Bedford

Bedford takes its the name from the county town of Bedfordshire where Vauxhalls plant was located

Bedford used the Griffin logo of Vauxhall Motors which had been derived from the heraldic crest of Fulk le Briante, who was granted the Manor of Luton by King John. Through his  marriage, he had acquired property in London, known as Fulk's Hall, which over time, came to be the Vauxhall, the original home of Vauxhall Motors.

Bedfords origins can be traced back to the turn of last century when General Motors was formed in 1908 as a holding company for Buick by Charles Mott who eventually became the sole stockholder. Buick, which was then managed by William Durant, was known as a leading manufacturer of horse drawn vehicles. Through a series of mergers and acquisitions GM ended up with Oldsmobile, Cadillac, Reliance, Rapid (predecessor of GMC) and several others. This put GM in a huge amount of debt and Durant lost control to his bankers in 1910. Je started Chevrolet the very next year and caused mayhem when he secretly purchased shares in GM and took control over the company again. In 1916 he incorporated the business into the General Motors Corporation but, with the collapse of the new vehicle market he lost control again soon after.  Alfred P Sloan took charge and led the company to its post war global dominance 

Vauxhall had been founded in Vauxhall, London by Alexander Wilson in 1857 and was originally called Alex Wilson and Company. Originally an iron works, they didn’t produce their first car until 1903; it was a crude 5hp model using a tiller for steering. They did go on to better things and Vauxhall was soon characterized by its sporting models. Much of Vauxhall's early success was due to. Laurence Pomeroy who had joined Vauxhall in 1906 as an assistant draughtsman, at the age of twenty-two. His first design, the Y-Type Y1, had outstanding success. Vauxhall made large numbers of the D-type automobile during WWI primarily for use as staff cars for the British forces. Times were tough after the war and Vauxhall actively looked for a major strategic partner. In 1925 it was acquired by GM for US$2.5 million.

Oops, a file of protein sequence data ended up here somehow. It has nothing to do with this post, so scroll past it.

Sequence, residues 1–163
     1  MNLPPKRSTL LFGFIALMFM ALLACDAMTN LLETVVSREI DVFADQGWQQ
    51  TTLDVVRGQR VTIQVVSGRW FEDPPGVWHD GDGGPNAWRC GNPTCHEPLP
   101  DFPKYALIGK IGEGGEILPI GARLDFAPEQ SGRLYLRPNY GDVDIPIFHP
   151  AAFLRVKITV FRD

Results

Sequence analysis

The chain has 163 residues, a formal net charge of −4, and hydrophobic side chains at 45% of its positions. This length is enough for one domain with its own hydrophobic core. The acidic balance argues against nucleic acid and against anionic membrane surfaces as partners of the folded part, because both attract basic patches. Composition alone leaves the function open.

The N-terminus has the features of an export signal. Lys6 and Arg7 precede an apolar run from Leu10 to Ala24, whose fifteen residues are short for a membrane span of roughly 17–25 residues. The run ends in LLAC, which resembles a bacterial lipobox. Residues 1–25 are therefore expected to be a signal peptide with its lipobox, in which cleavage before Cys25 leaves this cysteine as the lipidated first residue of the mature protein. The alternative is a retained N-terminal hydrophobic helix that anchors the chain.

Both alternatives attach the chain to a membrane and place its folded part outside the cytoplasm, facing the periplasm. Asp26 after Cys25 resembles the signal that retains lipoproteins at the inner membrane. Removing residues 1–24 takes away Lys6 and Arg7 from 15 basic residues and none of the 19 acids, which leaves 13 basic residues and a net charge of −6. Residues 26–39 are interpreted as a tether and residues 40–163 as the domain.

The company's image and target market were quickly changed heralding the introduction in 1931 of the first Bedford truck which was based on Chevrolet models. The subsidiary of Bedford Vehicles had been formed in 1930 specifically to produce commercial vehicles. This was a direct result of the Stockmarket crash of 1929 which had made the importation of American trucks financially unviable. During WWII  the company built around 250,000 lorries for the war effort and 5,600 Churchill Tanks. Bedford Vehicles became a leading international truck manufacturer, with substantial export sales of light, medium, and heavy trucks throughout the world including Australia. 

Until 1925 General Motors had  manufactured trucks in Canada and assembled them in Brazil which allowed them to import into Britain under the Imperial Preference Policy which reduced import duties on products from the British Empire. As such, these  trucks were marketed as ‘British Chevrolet’. After GM took ownership of Vauxhall Motors, production was transferred toVauxhall's headquarters with production commencing there in 1929. Some vehicles were marketed as Chevrolet Bedford for a short period but the ‘Chevrolet’ name dropped with the production and release of a two ton truck model in 1931.